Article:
I have a vision of a css file that is a mile long, which means, surely, I must has mis-interpreted your post ( ) where you said you embed the encoded image

    uh-oh, I see we cross-posted.
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  • #12
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    Quote Originally Posted by bazz View Post
    I have a vision of a css file that is a mile long, which means, surely, I must has mis-interpreted your post ( ) where you said you embed the encoded image

    uh-oh, I see we cross-posted.
    It doesn't actually work out too bad, in practice. A live example is here, (note that this is a purely a test site at the moment, so this link may not be there forever ):

    http://fyrdraca.org/fyrdraca/script?css

    That's the compacted CSS with several data:image types in it. The link to the original CSS file is shown at the start of that file. There's only a 1340Byte difference between the two, but that's mitigated by no extra queries/ downloads etc.

  • #13
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    Edit: Oops, I forgot this was a bigger thread and others had replied.


    Thanks to you all. I was prompted to ask the question because another person was asking for help with JQuery for their site nav and I couldn't see why they were bothering with JQuery at all. the working example they showed didn't seem to need it either.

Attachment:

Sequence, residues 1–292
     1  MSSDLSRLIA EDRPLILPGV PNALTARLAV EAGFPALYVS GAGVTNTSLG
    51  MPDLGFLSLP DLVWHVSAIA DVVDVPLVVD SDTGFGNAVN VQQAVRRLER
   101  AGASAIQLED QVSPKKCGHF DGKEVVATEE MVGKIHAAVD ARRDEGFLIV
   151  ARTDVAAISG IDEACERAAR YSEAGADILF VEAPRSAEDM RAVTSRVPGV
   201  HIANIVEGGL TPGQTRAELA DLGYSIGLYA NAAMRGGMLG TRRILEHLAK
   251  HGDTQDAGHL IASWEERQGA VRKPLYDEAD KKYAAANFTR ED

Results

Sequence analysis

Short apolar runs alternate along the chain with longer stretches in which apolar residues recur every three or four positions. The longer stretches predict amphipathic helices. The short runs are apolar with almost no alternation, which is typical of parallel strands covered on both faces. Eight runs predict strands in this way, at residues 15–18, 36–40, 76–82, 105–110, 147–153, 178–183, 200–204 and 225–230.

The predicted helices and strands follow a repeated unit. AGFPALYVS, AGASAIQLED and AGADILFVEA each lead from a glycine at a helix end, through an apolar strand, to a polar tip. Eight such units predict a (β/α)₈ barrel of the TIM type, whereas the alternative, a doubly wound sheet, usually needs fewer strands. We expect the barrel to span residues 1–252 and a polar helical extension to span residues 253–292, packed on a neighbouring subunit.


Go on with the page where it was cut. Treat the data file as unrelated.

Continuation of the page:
So thanks all, for your replies and Matt too for your example css file.
    I'll check that out later.


    bazz
    Last edited by bazz; 11-05-2010 at 04:11 PM.
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  • #14
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    Quote Originally Posted by bazz View Post
    Interesting. I too put my images into the css when they are structural/skeletal. But instead of putting in the actual image code (that's what I think you meant), I have a url to a server-side file, which gets the image from somewhere.

    That means I can change the image simply by changing the css in my CMS and by getting the image details from the db.
    On this point, it sounds like a similar method in theory to that which I use. In the stylesheets, simply changing the image URI in the original stylesheet causes the compacted sheet to be regenerated and the new info included, (provided the image exists, of course ). It's just a regex which runs on the original stylesheet, (when the timestamp of the file changes), which compacts it and extracts the info for any images so that the base64 encoder function can convert the image links to binary data and replace the references in the compacted sheet. It's not bitten me yet.

    For normal images which would be in an entry or suchlike, and not related to the CSS, those are merely processed by a server side file to see if they exist and then served directly, (with appropriate caching headers and such).

    I'm just trying to get a setup which compacts/compresses everything to the hilt where possible and which also makes everything feasibly cacheable by the client browser get cached properly, hence some of the borderline methods.
    Last edited by MattF; 11-05-2010 at 04:21 PM.